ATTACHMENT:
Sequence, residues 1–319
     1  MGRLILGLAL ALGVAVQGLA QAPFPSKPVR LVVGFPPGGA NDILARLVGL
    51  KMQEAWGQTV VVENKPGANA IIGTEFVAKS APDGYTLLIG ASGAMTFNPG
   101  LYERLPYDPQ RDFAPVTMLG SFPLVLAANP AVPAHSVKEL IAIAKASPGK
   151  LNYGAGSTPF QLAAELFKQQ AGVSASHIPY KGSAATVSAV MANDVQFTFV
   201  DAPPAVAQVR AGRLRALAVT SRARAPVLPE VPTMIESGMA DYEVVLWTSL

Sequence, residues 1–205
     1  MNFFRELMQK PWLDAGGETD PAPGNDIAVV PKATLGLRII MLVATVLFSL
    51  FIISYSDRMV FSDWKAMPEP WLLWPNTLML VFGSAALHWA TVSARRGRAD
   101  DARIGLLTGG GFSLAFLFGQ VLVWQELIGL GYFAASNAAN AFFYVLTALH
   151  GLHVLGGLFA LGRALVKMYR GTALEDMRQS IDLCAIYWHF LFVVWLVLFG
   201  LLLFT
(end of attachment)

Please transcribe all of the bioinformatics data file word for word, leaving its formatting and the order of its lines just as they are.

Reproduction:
Sequence, residues 1–319
     1  MGRLILGLAL ALGVAVQGLA QAPFPSKPVR LVVGFPPGGA NDILARLVGL
    51  KMQEAWGQTV VVENKPGANA IIGTEFVAKS APDGYTLLIG ASGAMTFNPG
   101  LYERLPYDPQ RDFAPVTMLG SFPLVLAANP AVPAHSVKEL IAIAKASPGK
   151  LNYGAGSTPF QLAAELFKQQ AGVSASHIPY KGSAATVSAV MANDVQFTFV
   201  DAPPAVAQVR AGRLRALAVT SRARAPVLPE VPTMIESGMA DYEVVLWTSL

Sequence, residues 1–205
     1  MNFFRELMQK PWLDAGGETD PAPGNDIAVV PKATLGLRII MLVATVLFSL
    51  FIISYSDRMV FSDWKAMPEP WLLWPNTLML VFGSAALHWA TVSARRGRAD
   101  DARIGLLTGG GFSLAFLFGQ VLVWQELIGL GYFAASNAAN AFFYVLTALH
   151  GLHVLGGLFA LGRALVKMYR GTALEDMRQS IDLCAIYWHF LFVVWLVLFG
   201  LLLFT